Seven Dead by J. Jefferson-Farjeon

Seven Dead by J. Jefferson Farjeon
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EXCERPT: The woman was in a chair, her head resting against a blue cushion. It would have been easy at first glance to mistake her sex, for she was wearing a man’s clothing — jersey, trousers and heavy boots — while her features, framed in short dark hair, were coarsened by exposure. She might have been attractive once. She was not attractive now. Her unseeing eyes were open. . .

THE BLURB: Ted Lyte, amateur thief, has chosen an isolated house by the coast for his first robbery. But Haven House is no ordinary country home. While hunting for silverware to steal, Ted stumbles upon a locked room containing seven dead bodies. Detective Inspector Kendall takes on the case with the help of passing yachtsman Thomas Hazeldean. The search for the house’s absent owners brings Hazeldean across the Channel to Boulogne, where he finds more than one motive to stay and investigate.

MY THOUGHTS: J. Jefferson-Farjeon is one of my favorite golden age detective story writers. His writing is both atmospheric and compelling, yet at the same time he manages to inject it with an underlying wry sense of humour.

Seven Dead is a locked room mystery. Seven bodies are discovered in a room where the shutters have been nailed closed and the key is in the lock on the outside of the room. Add a note with a cryptic clue and the portrait of a pretty young girl with a bullet hole through her heart, and the mystery deepens.

I first encountered Detective Inspector Kendall in Jefferson-Farjeon’s The Z Murders, and then Thirteen Guests, both titles that have been republished by Poisoned Pen Press as part of the British Library Crime Classics series. He is a decisive man, very thorough in his investigative techniques, and a deep thinker. He is, rather unusually for this period, a relatively realistic police detective without any of the affectations so commonly given to characters in this era.

He is aided and abetted in his investigation by a young journalist and yachtsman, Hazeldean, who had inadvertently stumbled upon burglar Ted Lyte fleeing the crime scene, his pockets full of silverware. He becomes obsessed with the painting of the girl and is determined to find her.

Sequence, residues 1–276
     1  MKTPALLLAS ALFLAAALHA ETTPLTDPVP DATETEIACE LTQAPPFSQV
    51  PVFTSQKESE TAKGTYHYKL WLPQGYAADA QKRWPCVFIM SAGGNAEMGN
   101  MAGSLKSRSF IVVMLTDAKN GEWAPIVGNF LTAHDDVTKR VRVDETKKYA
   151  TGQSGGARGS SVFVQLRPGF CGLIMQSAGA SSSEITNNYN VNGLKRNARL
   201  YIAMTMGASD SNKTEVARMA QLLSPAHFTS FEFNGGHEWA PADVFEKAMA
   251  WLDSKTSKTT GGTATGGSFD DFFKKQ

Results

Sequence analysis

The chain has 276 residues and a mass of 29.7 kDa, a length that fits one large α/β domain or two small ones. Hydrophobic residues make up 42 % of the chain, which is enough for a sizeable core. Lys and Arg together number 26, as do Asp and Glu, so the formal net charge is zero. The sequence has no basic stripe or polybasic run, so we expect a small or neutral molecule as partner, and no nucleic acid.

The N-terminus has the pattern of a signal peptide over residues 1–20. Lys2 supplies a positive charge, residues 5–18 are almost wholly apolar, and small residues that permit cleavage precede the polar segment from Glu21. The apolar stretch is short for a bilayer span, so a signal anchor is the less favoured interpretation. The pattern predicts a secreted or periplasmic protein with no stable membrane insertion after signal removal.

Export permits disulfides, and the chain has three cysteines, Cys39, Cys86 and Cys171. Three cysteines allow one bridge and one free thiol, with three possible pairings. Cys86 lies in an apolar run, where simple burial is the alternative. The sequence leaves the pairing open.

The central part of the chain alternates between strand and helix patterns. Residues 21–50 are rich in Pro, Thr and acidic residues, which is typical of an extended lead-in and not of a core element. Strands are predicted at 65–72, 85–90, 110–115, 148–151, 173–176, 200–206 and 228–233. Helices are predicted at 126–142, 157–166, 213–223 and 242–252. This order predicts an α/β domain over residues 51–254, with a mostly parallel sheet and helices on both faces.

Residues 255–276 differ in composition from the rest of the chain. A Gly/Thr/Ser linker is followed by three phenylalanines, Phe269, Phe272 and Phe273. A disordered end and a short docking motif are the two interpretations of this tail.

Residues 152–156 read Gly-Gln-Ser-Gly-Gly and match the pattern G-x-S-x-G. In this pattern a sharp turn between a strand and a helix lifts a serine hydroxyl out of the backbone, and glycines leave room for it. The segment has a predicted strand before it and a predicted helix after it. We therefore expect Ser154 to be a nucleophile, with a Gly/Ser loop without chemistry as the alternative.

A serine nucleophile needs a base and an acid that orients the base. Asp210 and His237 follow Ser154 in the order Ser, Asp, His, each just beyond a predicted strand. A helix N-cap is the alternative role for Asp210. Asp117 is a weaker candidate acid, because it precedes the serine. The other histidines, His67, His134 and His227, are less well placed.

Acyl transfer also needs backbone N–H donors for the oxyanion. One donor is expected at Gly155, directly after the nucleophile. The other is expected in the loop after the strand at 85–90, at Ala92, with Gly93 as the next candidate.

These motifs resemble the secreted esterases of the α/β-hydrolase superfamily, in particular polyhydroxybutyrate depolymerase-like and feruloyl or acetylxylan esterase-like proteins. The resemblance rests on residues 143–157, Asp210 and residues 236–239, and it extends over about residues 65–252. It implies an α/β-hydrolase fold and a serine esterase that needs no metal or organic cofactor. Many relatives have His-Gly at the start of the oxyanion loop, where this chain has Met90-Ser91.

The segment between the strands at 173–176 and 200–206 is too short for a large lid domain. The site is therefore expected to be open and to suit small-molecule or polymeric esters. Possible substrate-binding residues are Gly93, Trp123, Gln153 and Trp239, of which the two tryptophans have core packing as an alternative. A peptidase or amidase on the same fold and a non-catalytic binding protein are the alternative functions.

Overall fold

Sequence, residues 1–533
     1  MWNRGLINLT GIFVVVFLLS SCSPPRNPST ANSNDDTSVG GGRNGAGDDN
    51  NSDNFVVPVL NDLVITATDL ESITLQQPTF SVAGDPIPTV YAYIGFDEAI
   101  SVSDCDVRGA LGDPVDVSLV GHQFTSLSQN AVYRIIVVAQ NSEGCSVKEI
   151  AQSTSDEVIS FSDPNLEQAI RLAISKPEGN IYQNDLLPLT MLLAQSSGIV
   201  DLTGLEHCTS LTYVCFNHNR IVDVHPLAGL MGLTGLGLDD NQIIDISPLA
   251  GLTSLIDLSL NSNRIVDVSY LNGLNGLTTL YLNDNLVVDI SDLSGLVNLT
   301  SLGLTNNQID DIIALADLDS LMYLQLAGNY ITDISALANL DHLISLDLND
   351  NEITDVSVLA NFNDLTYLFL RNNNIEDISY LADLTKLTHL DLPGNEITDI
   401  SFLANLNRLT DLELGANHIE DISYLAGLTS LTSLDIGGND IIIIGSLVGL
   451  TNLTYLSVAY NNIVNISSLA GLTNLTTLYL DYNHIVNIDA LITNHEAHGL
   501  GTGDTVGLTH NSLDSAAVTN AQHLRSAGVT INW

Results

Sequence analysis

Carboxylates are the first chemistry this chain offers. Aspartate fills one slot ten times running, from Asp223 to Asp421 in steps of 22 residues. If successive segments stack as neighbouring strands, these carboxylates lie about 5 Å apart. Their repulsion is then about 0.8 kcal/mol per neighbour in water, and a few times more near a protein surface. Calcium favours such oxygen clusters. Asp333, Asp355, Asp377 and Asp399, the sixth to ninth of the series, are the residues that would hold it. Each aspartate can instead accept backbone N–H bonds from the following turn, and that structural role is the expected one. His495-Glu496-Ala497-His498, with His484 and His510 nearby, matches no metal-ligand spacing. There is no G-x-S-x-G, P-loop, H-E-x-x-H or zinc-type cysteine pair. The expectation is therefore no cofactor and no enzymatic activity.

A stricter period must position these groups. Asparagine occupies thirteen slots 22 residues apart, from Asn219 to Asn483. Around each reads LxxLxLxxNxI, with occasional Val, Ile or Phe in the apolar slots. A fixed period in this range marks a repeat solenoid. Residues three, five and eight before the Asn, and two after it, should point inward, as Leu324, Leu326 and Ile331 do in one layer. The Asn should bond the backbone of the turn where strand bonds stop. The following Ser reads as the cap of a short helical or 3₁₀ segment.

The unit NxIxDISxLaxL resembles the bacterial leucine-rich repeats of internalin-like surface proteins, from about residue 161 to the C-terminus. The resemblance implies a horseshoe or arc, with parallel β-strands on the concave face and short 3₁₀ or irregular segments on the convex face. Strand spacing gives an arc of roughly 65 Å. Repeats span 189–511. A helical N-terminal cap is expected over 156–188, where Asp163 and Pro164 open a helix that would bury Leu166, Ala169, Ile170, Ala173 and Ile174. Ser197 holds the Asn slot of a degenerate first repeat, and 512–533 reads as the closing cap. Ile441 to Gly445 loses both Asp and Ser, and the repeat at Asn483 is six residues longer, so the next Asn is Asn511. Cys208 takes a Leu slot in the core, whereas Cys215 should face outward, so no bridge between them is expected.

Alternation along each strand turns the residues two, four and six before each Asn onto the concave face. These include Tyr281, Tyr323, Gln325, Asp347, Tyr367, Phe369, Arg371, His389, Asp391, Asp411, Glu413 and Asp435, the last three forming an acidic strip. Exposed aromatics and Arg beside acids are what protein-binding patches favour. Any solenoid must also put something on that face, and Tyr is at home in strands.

There are plenty of twists and unexpected turns in this story, and I became a little obsessed myself with the relevance of the silk trader.

Early on in the book, one of the characters, I think it was Kendall, says ‘There’s some mighty queer story behind all this. ‘, and he’s right. Not only queer, but compelling. Seven Dead was almost a five star read, but the ending fell a little short for me.

Thank you to Poisoned Pen Press via Netgalley for providing a digital copy of Seven Dead by J. Jefferson-Farjeon for review. All opinions expressed in this review are entirely my own personal opinions.

Please refer to my profile page or the ‘about’ page on for an explanation of my rating system.

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Author: sandysbookaday

I love good quality chocolate. I love the ocean and love to be in, on or beside it. I read any and every where. I am a proud mum and Nana. I like wine, gin, Southern Comfort, a cold Heineken on a hot day. I am very versatile like that. I cross stitch, do jigsaws, garden, and work on a farm. I am an occasional scribbled. I have far too many books I want to read to ever find the time to die. I am an active member of Goodreads as Sandy *the world could end while I was reading and I would never notice* and review on Amazon under the name Sandyj21. My Goodreads reviews are automatically linked to my Facebook page. Groups I belong to and participate in on Goodreads include: The Mystery, Crime and Thriller Group; Mysteries and Crime Thrillers; Psychological Thrillers; Reading for Pleasure; Crime Detective Mystery Thrillers; English Mysteries; Dead Good Crime; Kindle English Mystery, All About Books and NZ Readers. April 2016 I made the Top 1% of Goodreads reviewers (As follows) Hello Sandy *The world could end while I was reading and I would never notice*, In our community of readers, you stand out in a notable way: You're one of the top 1% of reviewers on Goodreads! With every rave and every pan, with every excited GIF and every critical assessment, you've helped the Goodreads community get closer to a very important milestone – the 50 Million Reviews mark!

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